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damn or damned, choose your future!
By a domino effect, the extinction of one species can lead to others. Researchers show that there is more risk of cascading extinctions when no one species closes the hole left by the disappearance of another.
Human activities continue to cause the disappearance of species to the point of causing the sixth mass extinction in the history of the planet. However, this loss of biodiversity could have dramatic consequences. Researchers at the University of Exeter (UK) made predictions by working on plant and insect communities, including the parasitoid wasp Aphidius megourae. If they removed a species of wasps from the ecosystem, other indirectly related species could disappear.
For Dirk Sanders, from the University of Exeter, "interactions between species are important for ecosystem stability". He adds, "And because species are interconnected by multiple interactions, an impact on one species can also affect others." It all depends on the size of the food web in which the disappearing species is found.
Biodiversity loss increases the vulnerability of the ecosystem
When a food web is complex, with significant biodiversity, one species can more easily replace another: there is less risk of cascading extinctions. On the other hand, if species disappear and the ecosystem becomes simpler, the remaining species are more vulnerable and the risk of further extinctions is greater.
The press release from the university also takes the example of predators: if the wolf disappears into a mountain range, large herbivores such as deer will be more numerous and will eat more plants. The vegetation will then be lacking to feed other species, such as rabbits or insects, which will then be threatened.
The floor of the central valley collapses, and there is arsenic in the tap. Now it seems that both problems are connected
Isabel Solorio can see the water treatment plant in her garden across the street. Built to filter arsenic in drinking water, it has not been active since 2007 - it closed six months after its opening, when the Californian city of Lanare went into debt trying to cope with the costs maintenance.
"It's cruel to live in a state so powerful, so rich, but we can not rely on clean water," said Solorio https://www.theguardian.com/environment ... griculture
Japan Kills 134 Boreal Whales, Endangered
Published 23 / 08 / 2018 lemarin.fr
After the Antarctic campaign, which led to the death of 333 cetaceans last winter, Japanese whalers have just returned from a new hunting operation in the Pacific. They have, this time, killed 177 animals, announced Wednesday, August 22, the Japan Fisheries Agency: 43 whales of Mincke and 134 boreal whales.
Japan is one of the last three countries in the world to hunt cetaceans, hiding behind scientific reasons. (Photo: Whale and dolphin conservation)
The symptoms of the crisis are numerous and cumulative: "In addition to rapid climate change, loss of biodiversity and other environmental risks, societies are facing an increase in inequality and unemployment. slowed down, rising debt levels and the powerlessness of policies. But precisely, the economic paradigms have been designed according to a context that is now obsolete.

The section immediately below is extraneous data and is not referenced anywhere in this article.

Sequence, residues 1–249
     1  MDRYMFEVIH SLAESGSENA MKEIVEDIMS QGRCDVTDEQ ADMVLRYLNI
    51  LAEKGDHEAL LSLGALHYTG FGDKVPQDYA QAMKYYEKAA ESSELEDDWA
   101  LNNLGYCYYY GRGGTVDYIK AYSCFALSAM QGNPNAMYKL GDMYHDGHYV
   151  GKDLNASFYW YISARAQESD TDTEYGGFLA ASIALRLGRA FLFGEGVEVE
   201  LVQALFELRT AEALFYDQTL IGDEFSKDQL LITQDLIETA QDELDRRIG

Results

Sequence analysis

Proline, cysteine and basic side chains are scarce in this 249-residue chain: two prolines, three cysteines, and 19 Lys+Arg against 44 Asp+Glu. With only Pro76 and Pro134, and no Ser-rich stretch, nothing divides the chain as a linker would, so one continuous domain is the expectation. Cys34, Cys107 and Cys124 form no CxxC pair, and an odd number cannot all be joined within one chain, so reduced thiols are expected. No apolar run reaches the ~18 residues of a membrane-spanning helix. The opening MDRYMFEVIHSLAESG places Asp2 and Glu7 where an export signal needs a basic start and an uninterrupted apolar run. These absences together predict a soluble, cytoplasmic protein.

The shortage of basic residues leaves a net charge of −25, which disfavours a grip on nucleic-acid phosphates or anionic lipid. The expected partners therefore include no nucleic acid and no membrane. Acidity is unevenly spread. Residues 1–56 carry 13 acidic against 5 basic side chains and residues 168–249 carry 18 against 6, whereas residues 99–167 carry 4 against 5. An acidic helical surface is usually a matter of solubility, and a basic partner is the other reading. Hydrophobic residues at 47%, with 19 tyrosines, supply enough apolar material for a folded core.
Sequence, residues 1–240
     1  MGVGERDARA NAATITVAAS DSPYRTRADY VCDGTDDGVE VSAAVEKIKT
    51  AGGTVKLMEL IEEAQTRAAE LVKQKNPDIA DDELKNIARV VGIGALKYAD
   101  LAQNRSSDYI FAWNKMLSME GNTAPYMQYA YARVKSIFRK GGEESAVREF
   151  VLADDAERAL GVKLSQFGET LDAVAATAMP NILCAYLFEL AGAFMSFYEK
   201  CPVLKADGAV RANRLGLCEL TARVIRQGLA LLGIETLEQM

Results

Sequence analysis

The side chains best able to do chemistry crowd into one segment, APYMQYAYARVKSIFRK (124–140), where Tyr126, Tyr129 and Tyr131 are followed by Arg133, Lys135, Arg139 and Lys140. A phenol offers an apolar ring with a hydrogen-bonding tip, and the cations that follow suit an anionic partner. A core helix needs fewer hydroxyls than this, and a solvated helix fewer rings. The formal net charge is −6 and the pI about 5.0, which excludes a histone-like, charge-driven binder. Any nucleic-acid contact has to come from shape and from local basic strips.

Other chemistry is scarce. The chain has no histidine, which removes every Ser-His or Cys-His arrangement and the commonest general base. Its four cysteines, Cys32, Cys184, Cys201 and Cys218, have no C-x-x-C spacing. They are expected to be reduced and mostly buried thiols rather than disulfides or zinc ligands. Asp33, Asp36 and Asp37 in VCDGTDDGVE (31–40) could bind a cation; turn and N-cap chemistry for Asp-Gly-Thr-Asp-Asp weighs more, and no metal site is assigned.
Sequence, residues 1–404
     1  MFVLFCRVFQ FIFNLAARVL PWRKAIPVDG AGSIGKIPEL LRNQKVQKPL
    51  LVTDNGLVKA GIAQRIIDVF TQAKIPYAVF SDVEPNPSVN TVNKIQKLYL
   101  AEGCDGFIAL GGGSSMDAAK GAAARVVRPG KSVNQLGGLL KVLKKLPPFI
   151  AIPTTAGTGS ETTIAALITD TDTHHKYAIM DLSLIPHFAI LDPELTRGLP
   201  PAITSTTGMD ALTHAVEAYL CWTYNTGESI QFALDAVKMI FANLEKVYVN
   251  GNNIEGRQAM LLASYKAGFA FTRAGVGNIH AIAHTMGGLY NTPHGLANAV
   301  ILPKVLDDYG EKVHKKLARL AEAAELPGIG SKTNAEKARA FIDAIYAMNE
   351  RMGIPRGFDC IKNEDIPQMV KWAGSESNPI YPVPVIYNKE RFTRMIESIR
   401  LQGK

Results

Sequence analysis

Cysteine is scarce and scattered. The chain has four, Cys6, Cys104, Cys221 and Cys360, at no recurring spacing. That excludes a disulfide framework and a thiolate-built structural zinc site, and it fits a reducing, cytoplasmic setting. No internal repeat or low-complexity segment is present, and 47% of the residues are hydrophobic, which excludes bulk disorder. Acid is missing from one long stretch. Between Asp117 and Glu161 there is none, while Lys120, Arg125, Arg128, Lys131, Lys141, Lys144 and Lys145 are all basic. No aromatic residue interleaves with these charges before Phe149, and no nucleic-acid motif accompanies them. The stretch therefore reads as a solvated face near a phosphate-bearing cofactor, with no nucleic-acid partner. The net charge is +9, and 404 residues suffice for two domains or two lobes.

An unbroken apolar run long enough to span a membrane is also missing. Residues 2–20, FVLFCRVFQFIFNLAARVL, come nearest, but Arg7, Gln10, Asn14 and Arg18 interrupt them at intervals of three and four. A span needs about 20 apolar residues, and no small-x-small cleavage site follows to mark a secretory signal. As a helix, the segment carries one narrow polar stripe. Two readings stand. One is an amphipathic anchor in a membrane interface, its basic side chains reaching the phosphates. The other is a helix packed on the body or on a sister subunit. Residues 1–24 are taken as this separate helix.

Half of the world's orcs are in danger of disappearing because of ocean pollution
More than half of the killer whales in the world are threatened with extinction, a new study published in the journal Science and relayed by The Guardian reveals. The main responsible: PCBs, also called polychlorinated biphenyls, toxic substances long used in oil, plastic or paint.
In 2001, 152 countries have signed an agreement to stop using these PCBs, becoming aware of the adverse effects on the environment. However, these are still present especially in the oceans. And the orcs are the first victims. Because, as great predators, they eat other fish that have a high concentration of PCBs in their body.
This causes malformations of their reproductive organs and undermines their immune system. According to the study, in the industrialized regions, the orcs could thus completely disappear from here 30 to 50 years.
While killer whales were initially present in almost all oceans, they have already disappeared from the North Sea and Spanish waters. There are also more orc babies in the most polluted areas for several years. "Orc populations in Japan, Brazil, the North-East Pacific, the Strait of Gibraltar and the United Kingdom are disappearing," he said. At present, killer whales are found mainly in the North, near Norway, Iceland and Canada, ie far from the most polluted areas in PCB.
"Our failure to control the pollutants that end up in our oceans has led to mass killing," said Lucy Babey, director of the Orca Group. "Our only hope is that we are effectively losing all killer whale populations in the industrialized areas, but the Arctic populations are still alive and preventing the complete disappearance of the species," said Jepson.
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